Not to be alarmist because there's always a new article about our health, our environment and our economy. In fact, I'll be attending a City of San Jose Environmental Services workshop which will guide what and why the festival, Spirit of Japantown, Oct 2, 2010, will make use of or dispose of or recycle trash/recycling/composting. This is my second workshop, but I'm sure they'll have updated and new information for us.
There's an article in a recent TIME Magazine, April 12, 2010 issue " The Perils of Plastic"about BPA and other toxic chemicals, the EPA, how it must work, the Catch-22 (can't test everything, must test to be helpful at all, must have data to test with, can't have data unless something is proven, which requires testing and data...). It's a special report. It's good, informative. You may know already that there's a 34 year old piece of federal chemical legislation called the Toxic Substances Control Act (TSCA) which the article says that everyone seems to agree, didn't do the job it was meant to do.
The writing was packed with information that only a real reporter can extract: finding information from the people who are working in the industry in legislation and the business and non-profit world, about plastics, polymers 1-7 (those little numbers in those little triangles on the bottles, packages, and leaching, potential leaching into food and water, the effect on us, our bodies, and what and how we can do something - or not - about things.
I learned from the article that a man known to his colleagues during the 16th century as Paracelsus created this notion "the dose makes the poison." The 16th century. We've learned things since then. Technology has advanced. And maybe another notion, the 'green chemistry' notion; sustainable, non-toxic chemistry, might become even more popular.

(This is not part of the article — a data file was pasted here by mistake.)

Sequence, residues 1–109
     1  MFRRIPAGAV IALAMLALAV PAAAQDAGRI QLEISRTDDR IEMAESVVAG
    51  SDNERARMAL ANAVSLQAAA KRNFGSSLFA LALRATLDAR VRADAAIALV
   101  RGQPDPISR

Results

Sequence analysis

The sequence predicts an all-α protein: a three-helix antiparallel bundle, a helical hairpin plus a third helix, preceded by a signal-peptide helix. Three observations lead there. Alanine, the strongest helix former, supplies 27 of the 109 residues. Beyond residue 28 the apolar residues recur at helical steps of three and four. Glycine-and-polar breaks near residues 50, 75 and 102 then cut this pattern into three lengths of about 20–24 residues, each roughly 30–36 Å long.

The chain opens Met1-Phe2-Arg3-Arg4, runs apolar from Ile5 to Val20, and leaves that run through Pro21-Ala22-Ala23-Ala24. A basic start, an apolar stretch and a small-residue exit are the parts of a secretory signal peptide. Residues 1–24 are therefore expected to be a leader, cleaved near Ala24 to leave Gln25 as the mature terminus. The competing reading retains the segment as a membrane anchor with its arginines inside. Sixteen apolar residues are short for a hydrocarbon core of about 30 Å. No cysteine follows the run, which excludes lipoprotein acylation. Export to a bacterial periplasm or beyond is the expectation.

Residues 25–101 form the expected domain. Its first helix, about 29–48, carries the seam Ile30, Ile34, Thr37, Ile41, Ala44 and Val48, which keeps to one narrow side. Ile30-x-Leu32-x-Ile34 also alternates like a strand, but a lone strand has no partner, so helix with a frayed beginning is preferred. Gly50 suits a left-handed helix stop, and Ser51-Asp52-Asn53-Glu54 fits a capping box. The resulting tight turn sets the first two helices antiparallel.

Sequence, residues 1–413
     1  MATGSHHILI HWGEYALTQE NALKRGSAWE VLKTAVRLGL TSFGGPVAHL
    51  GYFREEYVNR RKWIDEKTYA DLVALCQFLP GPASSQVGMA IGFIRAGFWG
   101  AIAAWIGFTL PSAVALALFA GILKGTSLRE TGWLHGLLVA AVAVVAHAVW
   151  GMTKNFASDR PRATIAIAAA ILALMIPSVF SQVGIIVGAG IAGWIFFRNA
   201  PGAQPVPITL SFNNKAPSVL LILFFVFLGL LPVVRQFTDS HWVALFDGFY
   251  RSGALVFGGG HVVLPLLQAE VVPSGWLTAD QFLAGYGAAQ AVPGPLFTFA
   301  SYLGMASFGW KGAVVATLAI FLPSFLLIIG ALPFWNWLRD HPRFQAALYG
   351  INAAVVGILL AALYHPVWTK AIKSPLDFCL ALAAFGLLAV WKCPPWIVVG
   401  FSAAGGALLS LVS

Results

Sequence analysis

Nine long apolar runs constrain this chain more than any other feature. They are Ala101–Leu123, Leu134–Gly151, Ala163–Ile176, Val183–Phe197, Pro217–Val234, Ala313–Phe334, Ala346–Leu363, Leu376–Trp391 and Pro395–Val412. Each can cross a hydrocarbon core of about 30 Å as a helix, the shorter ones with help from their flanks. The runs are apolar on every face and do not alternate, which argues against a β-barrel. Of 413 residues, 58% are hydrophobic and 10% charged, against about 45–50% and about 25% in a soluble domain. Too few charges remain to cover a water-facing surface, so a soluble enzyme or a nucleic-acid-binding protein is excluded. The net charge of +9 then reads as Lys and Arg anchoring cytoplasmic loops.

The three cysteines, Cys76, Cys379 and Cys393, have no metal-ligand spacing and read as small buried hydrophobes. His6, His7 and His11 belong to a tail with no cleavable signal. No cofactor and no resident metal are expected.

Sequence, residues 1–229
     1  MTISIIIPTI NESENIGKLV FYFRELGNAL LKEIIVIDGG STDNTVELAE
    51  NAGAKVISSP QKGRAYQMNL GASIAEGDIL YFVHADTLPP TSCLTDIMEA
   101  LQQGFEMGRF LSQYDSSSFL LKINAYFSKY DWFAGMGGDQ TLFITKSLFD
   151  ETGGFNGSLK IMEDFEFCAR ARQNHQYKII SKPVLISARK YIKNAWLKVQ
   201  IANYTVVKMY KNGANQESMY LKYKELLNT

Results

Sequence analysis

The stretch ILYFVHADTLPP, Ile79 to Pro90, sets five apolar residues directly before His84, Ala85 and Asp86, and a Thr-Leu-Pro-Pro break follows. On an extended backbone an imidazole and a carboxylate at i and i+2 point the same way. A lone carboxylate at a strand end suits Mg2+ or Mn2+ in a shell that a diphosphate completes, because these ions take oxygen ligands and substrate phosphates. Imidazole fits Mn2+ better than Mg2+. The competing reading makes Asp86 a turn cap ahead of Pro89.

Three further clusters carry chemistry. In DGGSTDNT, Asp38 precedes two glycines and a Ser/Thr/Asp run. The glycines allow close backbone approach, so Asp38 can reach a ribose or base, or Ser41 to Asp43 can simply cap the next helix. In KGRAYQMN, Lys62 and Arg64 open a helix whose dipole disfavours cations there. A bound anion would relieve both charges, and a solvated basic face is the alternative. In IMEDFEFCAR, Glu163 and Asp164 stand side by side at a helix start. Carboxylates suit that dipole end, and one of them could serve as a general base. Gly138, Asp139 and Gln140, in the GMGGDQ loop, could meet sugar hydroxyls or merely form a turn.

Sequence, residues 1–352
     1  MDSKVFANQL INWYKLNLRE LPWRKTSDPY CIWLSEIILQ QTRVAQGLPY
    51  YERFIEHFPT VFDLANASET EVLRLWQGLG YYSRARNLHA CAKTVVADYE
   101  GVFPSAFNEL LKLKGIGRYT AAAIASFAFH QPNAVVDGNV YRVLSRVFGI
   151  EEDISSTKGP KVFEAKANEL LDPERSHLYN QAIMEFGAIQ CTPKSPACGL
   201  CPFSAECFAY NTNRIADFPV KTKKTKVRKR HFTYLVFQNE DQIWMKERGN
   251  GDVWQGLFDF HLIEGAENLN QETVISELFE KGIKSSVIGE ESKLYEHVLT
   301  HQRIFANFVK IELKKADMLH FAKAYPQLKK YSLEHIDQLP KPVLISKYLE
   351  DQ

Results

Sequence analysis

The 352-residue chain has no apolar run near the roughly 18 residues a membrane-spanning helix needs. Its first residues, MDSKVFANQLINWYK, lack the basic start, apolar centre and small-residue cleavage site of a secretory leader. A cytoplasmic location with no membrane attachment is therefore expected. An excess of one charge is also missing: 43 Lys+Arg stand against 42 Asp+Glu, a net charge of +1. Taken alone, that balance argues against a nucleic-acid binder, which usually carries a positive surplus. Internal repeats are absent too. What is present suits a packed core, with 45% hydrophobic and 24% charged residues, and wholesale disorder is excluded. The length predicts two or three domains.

The article ends by saying that there is an EPA Presidential Green Chemistry Challenge Award and there were 1,600 of 12,000 presentations in one moth's annual meeting of the American Chemical Society that were dedicated to sustainability. That's good, but that's only 7.5% of the presentations. What is everyone else doing I wonder?
The weirdly segmented manner of to-do and not-to-do during any day of my life in recent history will be influenced by my reading this article while trying to pay bills (no bills paid - but article read!). I'm now a little more knowledgeable but behind in my household, business, p/t work and volunteer chores. It didn't say anything about landfills or recycled paper checks, but did say a lot about those issues that affect whether or not we'll wake up or whether or not our children and grandchildren will be able to have children and whether they'll be more likely to be autistic or have ADHD.
BPA has been used since the 1940's. Plastic was a great thing back then but now, my water bottle is PBA free. A good thing.
And what about the bags? There is probably vinyl in the coating. PVC-something I've made an effort to stay away from since the 1970's. We don't want to have this stuff on the planet, really, no matter how good it seems to be for house sidings, etc. But we will make bags out of it, so that it doesn't sit idle in a landfill.
Maybe this is a fine line discussion. But to me, if we ever get to make beautiful bags from a sustainable source that would otherwise be tossed away, waterproof or not, it'll be greater than what we're doing now.
In the meantime, though, there's a ton of banners out there! We'll take them all!